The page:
Following months of volatility in the stock market, along with record high inflation and supply chain issues, some economists are bracing for a coming recession. In construction, there are always those seeing signs of a coming downturn in the cycle, but others see reasons to remain optimistic. 

“As of now, I still consider recession unlikely. Employment and wages are still growing strongly,” says Ken Simonson, chief economist at the Associated General Contractors of America. “In fact, with job openings at record highs and the unemployment rate near a record low, it appears likely that labor income will increase further. That, in turn, supports an expansion of consumer spending.”

Simonson notes that non-residential construction is largely motivated by long-term demand, as opposed to “short-term swings in income or wealth.”

Still, some sectors are on stronger footing than others. “Demand appears to be strong for infrastructure, many types of manufacturing facilities, energy, and data centers,” says Simonson, adding that multi-family construction should also continue to see growth. Single-family housing, however, along with office, hotel and retail, are more likely to continue to weaken.

Alex Carrick, chief economist at ConstructConnect, shared a similar sentiment. “A slowdown or recession in the general economy may occur in the months ahead, but there are reasons to remain upbeat about hearty prospects for many aspects of building and engineering construction,” he says, pointing to low unemployment as well as major projects financed by the infrastructure Investment and Jobs Act that are soon to break ground.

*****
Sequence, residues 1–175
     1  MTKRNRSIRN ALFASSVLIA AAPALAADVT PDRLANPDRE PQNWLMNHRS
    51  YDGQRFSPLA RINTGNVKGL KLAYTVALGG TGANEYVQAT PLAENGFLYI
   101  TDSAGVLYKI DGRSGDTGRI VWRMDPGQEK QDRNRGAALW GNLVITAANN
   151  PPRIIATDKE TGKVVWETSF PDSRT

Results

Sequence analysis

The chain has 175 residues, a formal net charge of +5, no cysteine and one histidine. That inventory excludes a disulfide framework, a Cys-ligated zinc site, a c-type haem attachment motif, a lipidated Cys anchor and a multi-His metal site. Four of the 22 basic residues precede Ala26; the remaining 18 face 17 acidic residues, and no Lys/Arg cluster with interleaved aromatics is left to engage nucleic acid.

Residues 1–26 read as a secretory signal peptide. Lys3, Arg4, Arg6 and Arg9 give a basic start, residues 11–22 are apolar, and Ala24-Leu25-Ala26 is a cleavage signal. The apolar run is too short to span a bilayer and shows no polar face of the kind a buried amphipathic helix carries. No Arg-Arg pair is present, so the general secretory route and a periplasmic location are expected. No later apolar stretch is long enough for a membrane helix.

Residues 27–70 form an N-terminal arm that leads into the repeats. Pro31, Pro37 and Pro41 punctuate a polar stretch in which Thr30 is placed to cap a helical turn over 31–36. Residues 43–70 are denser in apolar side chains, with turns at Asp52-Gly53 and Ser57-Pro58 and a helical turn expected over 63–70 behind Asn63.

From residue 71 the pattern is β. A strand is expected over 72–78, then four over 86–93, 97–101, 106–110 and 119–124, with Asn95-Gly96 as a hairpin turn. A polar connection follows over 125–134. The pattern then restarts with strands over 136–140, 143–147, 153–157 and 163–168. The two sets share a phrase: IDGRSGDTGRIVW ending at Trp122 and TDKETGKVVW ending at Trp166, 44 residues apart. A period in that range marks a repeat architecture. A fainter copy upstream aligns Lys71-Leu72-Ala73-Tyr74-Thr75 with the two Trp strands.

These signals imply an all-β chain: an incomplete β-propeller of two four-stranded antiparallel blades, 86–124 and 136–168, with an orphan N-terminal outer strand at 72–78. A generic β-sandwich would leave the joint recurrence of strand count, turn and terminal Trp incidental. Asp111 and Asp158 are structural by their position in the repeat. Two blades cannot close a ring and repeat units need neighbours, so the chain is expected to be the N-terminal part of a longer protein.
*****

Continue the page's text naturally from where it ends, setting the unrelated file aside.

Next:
Richard Branch, chief economist at Dodge Construction Network, is more skeptical, calling the chances of a recession in the next 12 months “uncomfortably high” at roughly 35%. Should one occur as soon as late this year, Dodge forecasts that “nearly four percentage points would be shaved off the expected 2022 nonresidential building starts forecast, and in 2023 nonresidential building starts could fall by as much as 12%,” says Branch.

Like Simonson, Branch points to office and hotel work as most at risk. “These concerning results suggest that businesses need to start building downside scenarios into their business plans for 2023,” he says.